Saturday, March 27, 2010

Jimi HENDRIX - Blues 1994

Jimi HENDRIX - Blues 1994
1994 2 x Vinyl,LP. RTH2006


After the disorganized and often unlistenable Alan Douglas-produced reissues in the '70s and '80s, MCA has been releasing the vast Hendrix archives in an intelligent and methodical manner. Blues is a perfect example, making the case that--on top of everything else--Jimi Hendrix was one fine blues guitarist. Combining the fluid lines of B.B. King with the spikiness of Hubert Sumlin and the crying tone of Elmore James with his usual synapse-frying intensity, Hendrix manages to both honor the music tradition while remaining uniquely himself. These studio outtakes and warm-ups (plus one previously released track, the magnificent "Hear My Train a Comin'") include a playful "Mannish Boy," the slow burn of "Once I Had A Woman," and a metallic "Bleeding Heart."
By Steven Mirkin.
Its bittersweet that Jimi Hendrix's music is continuing to be released over 30 years after his sudden death. I'm not going to go into the arguments others are about who released this under what label and when. This album means a lot to me because it is Jimi Hendrix, and they are all tracks I am listening to for the first time. Jimi's style, imagination, and overall vision was coupled with his extreme gift at playing the guitar with such magic that anything I can hear that he played is truly "music to my ears". Though a guitar is a tool for which a musician can express ones self, Jimi made it talk, scream, shiver, and shout. There are sounds that one can hear, and then there are sounds that you FEEL. This is how I feel about his music, its something for the soul. Though he was not known primarily as a blues guitarist, every great guitarist has some base with the genre of blues, and its here on the album "Blues" that we get to hear Jimi play the blues With those awesome electric licks that only his guitar can really do. Again, it sounds like magic when the man plays.

Eleven tracks in all, there isn't one on here that does not, in my mind, garner repeated listening. Blues is usually a music you play either during a certain mood, or to invoke that mood. Kick back, down on your luck, heavy and groovy all at the same time. Track three is "Red House" and has some classic solos on here that are trademark Hendrix. The vocal performance on here drones on with eclectic fun and brings back some memories from tracks I like on "The ultimate experience". Track four is "Catfish Blues" and has a great rocking beat to it. Despite what I've seen others say, I don't find the sound quality bad at all. This is a guy who died in 1970, so anything from the studio archives that is re-released may not be your bread and butter, but its Hendrix, and that's good enough for me.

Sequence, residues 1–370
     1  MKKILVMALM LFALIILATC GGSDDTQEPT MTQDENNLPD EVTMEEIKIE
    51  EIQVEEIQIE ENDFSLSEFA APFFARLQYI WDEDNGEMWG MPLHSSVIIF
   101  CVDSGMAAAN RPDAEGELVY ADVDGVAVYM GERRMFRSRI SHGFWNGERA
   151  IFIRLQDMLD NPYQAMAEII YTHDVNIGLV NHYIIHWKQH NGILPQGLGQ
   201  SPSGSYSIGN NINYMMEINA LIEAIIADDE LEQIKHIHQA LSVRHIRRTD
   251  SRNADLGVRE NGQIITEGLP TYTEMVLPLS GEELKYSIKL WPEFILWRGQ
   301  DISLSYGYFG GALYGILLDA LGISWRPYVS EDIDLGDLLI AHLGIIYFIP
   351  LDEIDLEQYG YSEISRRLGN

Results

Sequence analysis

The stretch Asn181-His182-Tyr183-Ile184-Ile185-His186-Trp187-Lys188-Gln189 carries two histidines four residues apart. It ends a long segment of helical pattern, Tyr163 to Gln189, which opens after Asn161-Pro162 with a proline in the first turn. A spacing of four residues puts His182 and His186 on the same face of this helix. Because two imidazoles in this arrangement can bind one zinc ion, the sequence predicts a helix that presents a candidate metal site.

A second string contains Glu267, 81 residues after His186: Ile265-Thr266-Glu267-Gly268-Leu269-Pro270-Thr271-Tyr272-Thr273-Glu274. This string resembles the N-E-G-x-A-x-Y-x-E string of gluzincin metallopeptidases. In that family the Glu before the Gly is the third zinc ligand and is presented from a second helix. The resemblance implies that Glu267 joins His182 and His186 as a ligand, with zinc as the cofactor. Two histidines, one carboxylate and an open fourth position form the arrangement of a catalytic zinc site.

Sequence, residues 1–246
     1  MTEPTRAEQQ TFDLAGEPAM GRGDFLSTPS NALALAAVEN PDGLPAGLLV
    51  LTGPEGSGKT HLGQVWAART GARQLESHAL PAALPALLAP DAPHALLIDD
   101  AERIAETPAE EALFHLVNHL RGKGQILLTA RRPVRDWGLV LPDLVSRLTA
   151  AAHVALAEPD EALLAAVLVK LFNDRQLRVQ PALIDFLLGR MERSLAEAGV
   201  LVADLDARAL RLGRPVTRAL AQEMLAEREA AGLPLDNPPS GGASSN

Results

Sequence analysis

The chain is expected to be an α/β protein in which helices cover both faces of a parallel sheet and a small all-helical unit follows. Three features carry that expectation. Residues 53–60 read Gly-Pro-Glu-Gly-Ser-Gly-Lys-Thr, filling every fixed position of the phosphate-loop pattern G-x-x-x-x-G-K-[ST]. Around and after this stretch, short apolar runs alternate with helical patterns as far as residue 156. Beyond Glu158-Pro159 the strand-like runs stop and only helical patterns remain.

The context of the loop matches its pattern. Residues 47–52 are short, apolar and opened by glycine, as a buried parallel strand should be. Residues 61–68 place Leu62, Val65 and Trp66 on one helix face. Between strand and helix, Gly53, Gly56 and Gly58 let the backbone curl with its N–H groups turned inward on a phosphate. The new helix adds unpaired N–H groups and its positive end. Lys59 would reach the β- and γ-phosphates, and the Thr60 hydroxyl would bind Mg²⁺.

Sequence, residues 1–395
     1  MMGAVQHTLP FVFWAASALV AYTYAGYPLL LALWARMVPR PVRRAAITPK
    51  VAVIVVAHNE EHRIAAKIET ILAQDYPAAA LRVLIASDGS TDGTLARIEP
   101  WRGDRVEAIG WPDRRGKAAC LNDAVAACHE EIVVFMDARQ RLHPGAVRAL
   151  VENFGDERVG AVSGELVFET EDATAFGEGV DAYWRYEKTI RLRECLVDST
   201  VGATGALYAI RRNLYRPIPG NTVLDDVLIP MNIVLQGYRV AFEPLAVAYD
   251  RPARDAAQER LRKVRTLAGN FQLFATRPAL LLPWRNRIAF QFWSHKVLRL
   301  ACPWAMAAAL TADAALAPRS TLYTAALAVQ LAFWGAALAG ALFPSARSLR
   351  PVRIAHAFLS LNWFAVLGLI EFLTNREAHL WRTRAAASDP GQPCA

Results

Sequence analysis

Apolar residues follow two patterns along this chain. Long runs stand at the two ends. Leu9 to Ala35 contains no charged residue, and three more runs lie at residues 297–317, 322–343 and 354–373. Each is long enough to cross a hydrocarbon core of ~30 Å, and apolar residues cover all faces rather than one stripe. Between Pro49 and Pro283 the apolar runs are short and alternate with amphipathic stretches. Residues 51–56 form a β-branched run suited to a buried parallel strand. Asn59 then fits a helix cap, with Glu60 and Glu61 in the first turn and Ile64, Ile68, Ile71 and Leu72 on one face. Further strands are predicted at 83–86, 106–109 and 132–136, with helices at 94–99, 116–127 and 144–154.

Track eight is a slower paced song along the lines of true traditional Blues sound. What is eerie with that is that you don't think of it maybe as a "blues song" but something that just got left off of one of his studio releases from earlier times. Before I go, I have to mention that track one is "Hear My Train Comin'" and is done by Jimi on an acoustic guitar. It's a truly magical sound (I use that word a lot, but how else do you describe his sound?) that is epic in feeling. This is true art, my friends, and as always with Jimi's songs, he can be a true storyteller with his vocals and imagery just as much as he was skilled on the six string. Jimi is gone but millions around the world still enjoy his music, and I am glad that his family was able to get back the rights to his music and re-release much of it, whether heard before or undiscovered up to now. If you like Blues, Electric guitar, or Hendrix in general, you might take a chance and check out this album, I did and will never regret it, nor forget it.
By Eddie Lancekick. 
When the American expatriate James Marshall Hendrix made his triumphant return to the United States with ARE YOU EXPERIENCED?, he'd just smelted British pop psychedelia, R&B, Bob Dylan and Cream into a gleaming rock and roll alloy. Nothing quite looked or sounded like the musical melting pot that was the Jimi Hendrix Experience. Yet the American release of ARE YOU EXPERIENCED? differed from the British version in one significant respect: "Everybody was scared to relase `Red House' in America," Hendrix recalled, "because they said `America don't like blues, man!'"
Thus you have a moody studio outtake of his autobiographical "Voodoo Chile Blues" and a ruminative "Born Under A Bad Sign" (in which his Albert King tribute evolves with raga-like complexity). Hendrix's "Catfish Blues" is a powerful evocation of tribal elders Robert Johnson and Muddy Waters, while his abstract chord changes and soaring, strident leads on the shuffling "Jelly 292" are an affectionate parody of classic urban blues lines such as "After Hours" and "Sweet Home Chicago." Taken as a whole, Jimi Hendrix's BLUES is the portrait of a great American original who was (like Stevie Ray Vaughan a generation later) just beginning to scratch the surface of his awesome talent.
Jimi Hendrix- (Electric & Acoustic Guitar, Vocals);
Steve Winwood- (Organ);
Jack Casady, Billy Cox, Noel Redding- (Bass);
Buddy Miles, Mitch Mitchell- (Drums).
A1. Hear My Train a Comin' (Acoustic)  3:05
A2. Born Under a Bad Sign  7:37
A3. Red House  3:41
B1. Catfish Blues  7:46
B2. Voodoo Chile Blues  8:47
B3. Mannish Boy  5:21
C1. Once I Had a Woman  7:49
C2. Bleeding Heart  3:26
C3. Jelly 292  6:25
D1. Electric Church Red House  6:12
D2. Hear My Train a Comin' (Electric)  12:08


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